Voters will go to the polls in several states tomorrow to cast ballots in primary elections. In California, my friend Doug Kmiec is running as an Independent candidate for Congress. He has built his campaign on the belief that campaign financing is ruining our democracy as well as a much needed reminder that "both parties have let us down." The observation is so obvious yet, how is one to create change when third parties are at such a disadvantage?
Over at HuffPost, C. J. Reid on "Brains, guns and preventable murder."
Robert Blair Kaiser has taken issue with the excommunication of an Austrian couple, Martha and Gert Heizer, because they held Eucharistic celebrations without a priest. Kaiser’s column is one of the most muddled, ill-considered articles I have read in a long time and it warrants a response.
At Crisis magazine, Regis Martin has penned an extraordinary screed in which he accuses most of the nation's - and the world's - bishops for cowardice because they do not follow the application of Canon 915 the way that Cardinal Burke and Bishop Paprocki and Archbishop Vigneron do. Mr. Martin writes:
Billy Kangas, an anti-hunger activist, has a great article up at Millennial that explains why ending hunger is also a pro-life cause worthy of the attention of pro-life advocates. The seamless garment is back.
Israeli politicians are debating the possibility of unilateral withdrawals from certain heavily populated areas in the West Bank. Peter Berkowitz looks at the pro's and con's.
At the National Post, Charles Camosy of Fordham offers the hope that Justin Trudeau's bizarre decision to introduce a litmus test on abortions rights for Liberal members of parliament might ignite the kind of policy debate that could yield not only better public policy but greater intellectual consistency on the part of liberals and conservatives alike.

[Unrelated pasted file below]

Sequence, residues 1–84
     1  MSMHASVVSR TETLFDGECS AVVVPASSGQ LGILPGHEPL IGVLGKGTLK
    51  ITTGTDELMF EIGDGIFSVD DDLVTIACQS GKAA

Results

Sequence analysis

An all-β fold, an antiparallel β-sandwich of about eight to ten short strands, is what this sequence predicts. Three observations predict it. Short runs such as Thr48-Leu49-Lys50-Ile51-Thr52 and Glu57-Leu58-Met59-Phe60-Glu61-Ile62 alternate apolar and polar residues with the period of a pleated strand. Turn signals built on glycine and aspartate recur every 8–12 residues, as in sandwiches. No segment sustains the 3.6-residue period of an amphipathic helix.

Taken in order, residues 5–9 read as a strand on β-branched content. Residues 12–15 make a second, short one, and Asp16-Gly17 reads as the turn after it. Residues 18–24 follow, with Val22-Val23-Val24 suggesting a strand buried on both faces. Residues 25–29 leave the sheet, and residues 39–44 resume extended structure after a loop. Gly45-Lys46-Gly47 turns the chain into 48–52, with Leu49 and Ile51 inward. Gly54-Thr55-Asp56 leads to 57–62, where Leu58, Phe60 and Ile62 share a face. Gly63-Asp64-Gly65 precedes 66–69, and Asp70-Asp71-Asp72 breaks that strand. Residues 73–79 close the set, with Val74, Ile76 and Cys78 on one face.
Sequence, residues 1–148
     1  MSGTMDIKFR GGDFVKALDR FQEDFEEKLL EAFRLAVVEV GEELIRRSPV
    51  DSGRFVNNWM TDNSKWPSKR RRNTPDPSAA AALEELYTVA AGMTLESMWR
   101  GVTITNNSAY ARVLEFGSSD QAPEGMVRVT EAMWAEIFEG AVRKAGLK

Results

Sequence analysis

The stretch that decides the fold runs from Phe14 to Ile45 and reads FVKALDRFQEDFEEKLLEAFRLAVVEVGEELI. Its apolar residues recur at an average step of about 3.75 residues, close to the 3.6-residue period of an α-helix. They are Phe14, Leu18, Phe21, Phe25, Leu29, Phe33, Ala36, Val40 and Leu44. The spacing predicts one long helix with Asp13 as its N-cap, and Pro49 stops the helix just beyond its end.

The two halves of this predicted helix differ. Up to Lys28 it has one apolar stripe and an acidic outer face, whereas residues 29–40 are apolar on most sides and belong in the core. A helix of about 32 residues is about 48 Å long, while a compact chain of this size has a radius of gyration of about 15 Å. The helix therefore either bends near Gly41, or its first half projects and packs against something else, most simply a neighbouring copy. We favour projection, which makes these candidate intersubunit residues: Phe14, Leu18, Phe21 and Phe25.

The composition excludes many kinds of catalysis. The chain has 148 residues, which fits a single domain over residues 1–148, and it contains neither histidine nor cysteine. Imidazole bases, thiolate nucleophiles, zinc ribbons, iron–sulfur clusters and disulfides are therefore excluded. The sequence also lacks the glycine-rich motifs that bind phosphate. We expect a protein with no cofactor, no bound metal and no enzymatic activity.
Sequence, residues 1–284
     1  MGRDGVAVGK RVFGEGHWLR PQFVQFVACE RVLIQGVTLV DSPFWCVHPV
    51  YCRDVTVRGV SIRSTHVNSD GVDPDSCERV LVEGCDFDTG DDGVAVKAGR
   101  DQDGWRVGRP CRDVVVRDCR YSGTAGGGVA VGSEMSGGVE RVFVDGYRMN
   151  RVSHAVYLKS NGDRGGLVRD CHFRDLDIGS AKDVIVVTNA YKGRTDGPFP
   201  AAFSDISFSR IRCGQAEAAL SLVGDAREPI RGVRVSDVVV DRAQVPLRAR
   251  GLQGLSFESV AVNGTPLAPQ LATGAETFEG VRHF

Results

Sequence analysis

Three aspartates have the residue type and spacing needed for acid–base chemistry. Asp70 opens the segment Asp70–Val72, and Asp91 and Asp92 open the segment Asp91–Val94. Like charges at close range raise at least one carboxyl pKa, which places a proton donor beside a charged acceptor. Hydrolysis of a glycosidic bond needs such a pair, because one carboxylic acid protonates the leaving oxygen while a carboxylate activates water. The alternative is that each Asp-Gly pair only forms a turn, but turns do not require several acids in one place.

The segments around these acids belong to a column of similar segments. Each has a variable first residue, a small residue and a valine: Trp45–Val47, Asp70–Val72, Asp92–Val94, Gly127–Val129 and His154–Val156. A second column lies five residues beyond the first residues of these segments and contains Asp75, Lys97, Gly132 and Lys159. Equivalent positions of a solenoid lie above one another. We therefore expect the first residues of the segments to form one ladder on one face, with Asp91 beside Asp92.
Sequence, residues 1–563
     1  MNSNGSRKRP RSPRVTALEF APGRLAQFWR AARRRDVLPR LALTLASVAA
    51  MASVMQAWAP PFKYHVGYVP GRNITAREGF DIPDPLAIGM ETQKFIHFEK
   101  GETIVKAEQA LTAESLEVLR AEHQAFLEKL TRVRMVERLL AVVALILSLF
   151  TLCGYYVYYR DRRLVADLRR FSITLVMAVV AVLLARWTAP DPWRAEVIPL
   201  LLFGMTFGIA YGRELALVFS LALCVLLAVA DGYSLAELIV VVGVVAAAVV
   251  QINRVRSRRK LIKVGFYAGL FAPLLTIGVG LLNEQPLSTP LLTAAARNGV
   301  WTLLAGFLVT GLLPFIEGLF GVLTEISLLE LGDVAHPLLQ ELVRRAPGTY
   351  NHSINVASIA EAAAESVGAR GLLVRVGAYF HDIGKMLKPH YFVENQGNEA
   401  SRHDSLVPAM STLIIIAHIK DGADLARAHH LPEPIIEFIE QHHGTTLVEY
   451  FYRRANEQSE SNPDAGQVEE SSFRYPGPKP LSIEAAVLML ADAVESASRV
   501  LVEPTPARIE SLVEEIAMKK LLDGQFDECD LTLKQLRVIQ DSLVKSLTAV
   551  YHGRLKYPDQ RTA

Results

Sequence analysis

On no day have I been more relieved that I did not vote for President Barack Obama’s re-election than Wednesday when he addressed the graduating cadets at West Point. My relief is ephemeral because, without my vote, Obama still won and so was able to articulate a foreign policy perspective that explicitly places America’s interests above America’s values. Liberal ideals be damned.
Here is a statement from the Massachusetts Catholic Conference on proposed gun control legislation in the Bay State:
STATEMENT OF THE ROMAN CATHOLIC BISHOPS OF THE COMMONWEALTH ON PROPOSED FIREARM LEGISLATION
“The Roman Catholic Bishops of the Commonwealth are in support of adjustments to existing firearm laws. Any law that would address the role that violence, some mental illnesses, and substance abuse play in many tragedies involving firearms would be a welcomed advance in this area of the law and would be a great benefit to our society.
The Star-Tribune reports that in a deposition, former Vicar General of the Archdiocese of St. Paul, Rev. Peter Laird, said he had recommended to Archbishop John Nienstedt that he resign his post as archbishop. It is advice that should have been taken at the time. It is advice that should still be taken today. This is not going to end well for the archbishop and the only thing he is prolonging is the misery of the poor people in a great, historic archdiocese that deserves better.